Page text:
|会 期||2021年5月27日（木） - 2021年6月 9日（水）|
|時 間||12:00 - 20:00※最終入場は19:30 ※最終日は17:00まで ※6/2（水）は休業|
|主 催||Masaya Nakayama email@example.com
Supported by 帝人フロンティア(株), Brooklyn Brewery Japan, B by the Brooklyn Brewery
Masaya Nakayama Solo Exhibition “A world on paper ”
Masaya Nakayama, a Brooklyn-based contemporary artist, will be presenting his first solo exhibition in Tokyo, Japan. The exhibition consists of works made in New York City throughout 2020 to 2021 – a time when life changed dramatically for everyone.
“A World On Paper” consists of a series of works bringing attention to the various fleeting moments and feelings that can easily escape our perception. Globally, people experienced the profound impact from COVID-19, Black Lives Matter, and general social unrest. For the artist, this led to a grapple with what it means to fully embrace life (teinei-ni-ikiru), a theme prevalent throughout his work during the past several years.
Much of the current work was produced under lockdown during secluded studio sessions in New York. During these sessions, coming from the art studios next door could be heard the famous song, “Let It Be” by The Beatles. Unexpectedly, this one song perfectly captured the entire mood of the building during this period.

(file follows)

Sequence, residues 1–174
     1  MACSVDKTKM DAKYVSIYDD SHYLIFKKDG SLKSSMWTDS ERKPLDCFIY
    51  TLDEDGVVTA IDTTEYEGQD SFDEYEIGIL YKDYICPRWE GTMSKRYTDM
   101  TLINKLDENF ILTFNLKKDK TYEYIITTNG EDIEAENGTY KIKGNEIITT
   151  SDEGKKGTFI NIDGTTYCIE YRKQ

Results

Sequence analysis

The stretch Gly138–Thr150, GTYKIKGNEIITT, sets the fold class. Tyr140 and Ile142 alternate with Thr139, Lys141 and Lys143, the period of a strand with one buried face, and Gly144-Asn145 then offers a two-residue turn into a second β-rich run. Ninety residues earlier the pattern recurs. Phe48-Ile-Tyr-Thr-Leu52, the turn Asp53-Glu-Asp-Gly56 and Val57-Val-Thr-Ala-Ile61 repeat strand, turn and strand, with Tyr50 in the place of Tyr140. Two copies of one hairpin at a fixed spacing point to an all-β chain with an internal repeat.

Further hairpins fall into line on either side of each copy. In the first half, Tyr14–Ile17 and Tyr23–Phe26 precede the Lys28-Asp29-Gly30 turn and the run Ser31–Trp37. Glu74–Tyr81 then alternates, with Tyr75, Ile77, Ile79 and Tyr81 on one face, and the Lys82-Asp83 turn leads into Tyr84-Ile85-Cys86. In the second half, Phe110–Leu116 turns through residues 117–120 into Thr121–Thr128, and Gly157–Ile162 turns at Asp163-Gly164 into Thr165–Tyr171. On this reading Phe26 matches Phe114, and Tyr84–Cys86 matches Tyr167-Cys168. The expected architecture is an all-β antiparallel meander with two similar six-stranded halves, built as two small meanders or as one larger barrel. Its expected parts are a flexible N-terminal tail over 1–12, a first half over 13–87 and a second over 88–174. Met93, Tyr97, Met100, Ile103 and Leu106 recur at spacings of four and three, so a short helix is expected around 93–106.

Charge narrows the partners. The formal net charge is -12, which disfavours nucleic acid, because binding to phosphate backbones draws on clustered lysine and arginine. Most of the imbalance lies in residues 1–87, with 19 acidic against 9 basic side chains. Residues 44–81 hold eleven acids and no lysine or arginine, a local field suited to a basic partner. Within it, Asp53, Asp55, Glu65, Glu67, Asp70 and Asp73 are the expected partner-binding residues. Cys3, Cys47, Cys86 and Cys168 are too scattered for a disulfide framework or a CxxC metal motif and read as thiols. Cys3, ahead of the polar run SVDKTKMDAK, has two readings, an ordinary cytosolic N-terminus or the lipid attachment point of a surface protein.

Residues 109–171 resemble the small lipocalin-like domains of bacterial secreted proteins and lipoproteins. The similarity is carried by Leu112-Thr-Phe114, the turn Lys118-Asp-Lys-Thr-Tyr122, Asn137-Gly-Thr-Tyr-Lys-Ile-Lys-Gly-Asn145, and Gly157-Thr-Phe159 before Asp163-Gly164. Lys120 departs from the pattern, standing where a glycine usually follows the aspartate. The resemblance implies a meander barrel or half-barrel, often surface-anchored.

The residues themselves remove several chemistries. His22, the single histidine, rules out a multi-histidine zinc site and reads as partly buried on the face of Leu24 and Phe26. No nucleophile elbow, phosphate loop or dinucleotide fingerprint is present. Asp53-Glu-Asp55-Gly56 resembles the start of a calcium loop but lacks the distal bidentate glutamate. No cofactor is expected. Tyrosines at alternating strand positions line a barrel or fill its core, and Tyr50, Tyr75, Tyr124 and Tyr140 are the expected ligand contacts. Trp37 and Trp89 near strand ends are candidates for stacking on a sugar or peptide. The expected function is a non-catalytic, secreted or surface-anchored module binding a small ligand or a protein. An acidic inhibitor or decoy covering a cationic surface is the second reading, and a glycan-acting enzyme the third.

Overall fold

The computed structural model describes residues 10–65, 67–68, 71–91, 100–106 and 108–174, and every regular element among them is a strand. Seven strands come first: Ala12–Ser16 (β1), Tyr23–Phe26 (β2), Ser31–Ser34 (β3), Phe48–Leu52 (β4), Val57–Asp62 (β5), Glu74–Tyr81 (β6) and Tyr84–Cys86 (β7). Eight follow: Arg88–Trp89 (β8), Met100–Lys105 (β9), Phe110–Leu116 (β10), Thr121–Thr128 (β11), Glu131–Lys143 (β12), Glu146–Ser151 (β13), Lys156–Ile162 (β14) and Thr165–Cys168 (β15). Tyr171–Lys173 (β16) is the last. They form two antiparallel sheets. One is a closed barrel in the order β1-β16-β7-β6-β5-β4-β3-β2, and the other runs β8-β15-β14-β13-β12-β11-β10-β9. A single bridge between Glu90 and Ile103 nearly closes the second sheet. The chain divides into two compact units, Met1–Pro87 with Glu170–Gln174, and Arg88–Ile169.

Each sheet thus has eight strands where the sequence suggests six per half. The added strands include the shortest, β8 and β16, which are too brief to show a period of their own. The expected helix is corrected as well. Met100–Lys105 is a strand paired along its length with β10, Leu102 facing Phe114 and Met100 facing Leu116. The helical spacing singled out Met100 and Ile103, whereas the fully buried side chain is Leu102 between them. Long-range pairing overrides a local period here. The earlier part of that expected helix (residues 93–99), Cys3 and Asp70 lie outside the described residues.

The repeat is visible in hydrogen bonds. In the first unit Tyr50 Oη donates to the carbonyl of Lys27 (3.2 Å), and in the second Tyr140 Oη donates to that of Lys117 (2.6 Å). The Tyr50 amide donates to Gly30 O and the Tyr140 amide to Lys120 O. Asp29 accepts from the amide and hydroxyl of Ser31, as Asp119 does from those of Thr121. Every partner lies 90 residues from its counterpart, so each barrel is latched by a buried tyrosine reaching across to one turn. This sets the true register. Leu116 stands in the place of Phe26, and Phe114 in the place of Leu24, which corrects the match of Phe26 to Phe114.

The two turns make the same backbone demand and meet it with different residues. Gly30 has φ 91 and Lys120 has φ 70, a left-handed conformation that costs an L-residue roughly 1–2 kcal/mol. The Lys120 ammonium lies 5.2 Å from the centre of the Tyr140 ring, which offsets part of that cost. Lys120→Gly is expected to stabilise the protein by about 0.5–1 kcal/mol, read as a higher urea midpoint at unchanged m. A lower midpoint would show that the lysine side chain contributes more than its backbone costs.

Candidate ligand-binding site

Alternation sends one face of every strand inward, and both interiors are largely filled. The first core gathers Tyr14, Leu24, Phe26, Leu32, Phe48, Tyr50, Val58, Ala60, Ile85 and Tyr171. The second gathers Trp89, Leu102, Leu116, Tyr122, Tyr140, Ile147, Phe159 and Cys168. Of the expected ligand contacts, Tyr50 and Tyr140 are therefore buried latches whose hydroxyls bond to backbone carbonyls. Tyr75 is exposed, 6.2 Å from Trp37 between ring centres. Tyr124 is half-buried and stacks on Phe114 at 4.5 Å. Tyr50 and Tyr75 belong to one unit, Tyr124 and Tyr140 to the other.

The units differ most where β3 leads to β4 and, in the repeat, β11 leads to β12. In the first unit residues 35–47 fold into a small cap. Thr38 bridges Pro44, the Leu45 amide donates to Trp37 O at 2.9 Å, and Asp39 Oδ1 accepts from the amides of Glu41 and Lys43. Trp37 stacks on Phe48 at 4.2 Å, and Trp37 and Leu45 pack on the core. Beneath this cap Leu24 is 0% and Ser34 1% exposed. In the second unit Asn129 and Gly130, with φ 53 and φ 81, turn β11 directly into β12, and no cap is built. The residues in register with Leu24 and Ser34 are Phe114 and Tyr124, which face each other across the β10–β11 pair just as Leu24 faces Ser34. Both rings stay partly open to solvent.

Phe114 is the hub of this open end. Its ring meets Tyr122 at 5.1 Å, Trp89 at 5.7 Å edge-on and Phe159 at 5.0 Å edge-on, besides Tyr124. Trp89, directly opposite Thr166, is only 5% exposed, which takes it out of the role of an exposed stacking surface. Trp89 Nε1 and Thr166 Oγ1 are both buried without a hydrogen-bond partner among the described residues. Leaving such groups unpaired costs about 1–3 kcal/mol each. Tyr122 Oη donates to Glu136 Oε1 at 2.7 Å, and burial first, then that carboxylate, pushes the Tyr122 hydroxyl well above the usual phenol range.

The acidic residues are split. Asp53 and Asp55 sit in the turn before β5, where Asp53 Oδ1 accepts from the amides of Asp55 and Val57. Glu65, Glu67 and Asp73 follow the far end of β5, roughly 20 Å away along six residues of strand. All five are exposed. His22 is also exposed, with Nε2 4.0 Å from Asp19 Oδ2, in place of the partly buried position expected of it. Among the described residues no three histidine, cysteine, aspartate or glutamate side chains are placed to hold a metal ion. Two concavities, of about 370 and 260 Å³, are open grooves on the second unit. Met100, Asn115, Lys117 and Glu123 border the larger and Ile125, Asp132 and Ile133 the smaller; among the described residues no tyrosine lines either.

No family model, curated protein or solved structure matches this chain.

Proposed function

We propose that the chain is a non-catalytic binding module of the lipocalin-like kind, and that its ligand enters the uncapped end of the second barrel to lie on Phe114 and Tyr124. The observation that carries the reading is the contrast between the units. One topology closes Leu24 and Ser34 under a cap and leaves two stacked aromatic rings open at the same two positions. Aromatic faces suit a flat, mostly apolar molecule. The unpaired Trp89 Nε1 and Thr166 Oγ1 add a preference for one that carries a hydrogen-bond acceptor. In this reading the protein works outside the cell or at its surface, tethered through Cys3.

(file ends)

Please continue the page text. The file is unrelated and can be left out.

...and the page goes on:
Nothing is a given anymore. What was once expected, such as the care of essential workers in the city, could no longer be met with mere silent appreciation, but through saying out loud the words, “thank you.” Only with explicitly expressed gratitude and action can the ties within a community be renewed.
Alongside these various changes in New York was the visible rise in homelessness and worsening sense of safety in the neighborhood. Almost instantly, the meaning behind the value of a dollar fundamentally changed and came into question.
“A World On Paper” aims to uncover and grasp the subtle moments which can easily slip away from us in a world moving at a dizzying pace. Notions of how truth and meaning are understood are intently explored through techniques employed by the artist, such as through the use of prominent white lines throughout the paintings. Our gaze naturally interprets such contrasting lines as something imprinted over the paintings. However, these lines are carefully created by peeling away masking tape from underneath to reveal the canvas below. In this way, the viewer is steered towards an understanding of how the canvas creates the lines and its color – inviting us to understand the hidden truths beneath our daily interactions and encounters, especially as it was exposed during the recent pandemic.
Masaya Nakayama / 中山誠弥